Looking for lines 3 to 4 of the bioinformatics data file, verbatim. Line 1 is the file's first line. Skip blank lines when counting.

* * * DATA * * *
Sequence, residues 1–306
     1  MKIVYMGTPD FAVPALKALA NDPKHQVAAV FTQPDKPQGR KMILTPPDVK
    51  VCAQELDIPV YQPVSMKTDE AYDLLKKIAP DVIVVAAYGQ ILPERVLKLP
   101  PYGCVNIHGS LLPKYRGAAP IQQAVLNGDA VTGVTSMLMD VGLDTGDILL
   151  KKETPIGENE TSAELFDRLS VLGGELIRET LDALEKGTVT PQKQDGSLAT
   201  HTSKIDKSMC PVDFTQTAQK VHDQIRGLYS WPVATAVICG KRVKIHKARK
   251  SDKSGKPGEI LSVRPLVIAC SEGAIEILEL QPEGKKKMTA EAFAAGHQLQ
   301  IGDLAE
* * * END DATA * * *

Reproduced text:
    51  VCAQELDIPV YQPVSMKTDE AYDLLKKIAP DVIVVAAYGQ ILPERVLKLP
   101  PYGCVNIHGS LLPKYRGAAP IQQAVLNGDA VTGVTSMLMD VGLDTGDILL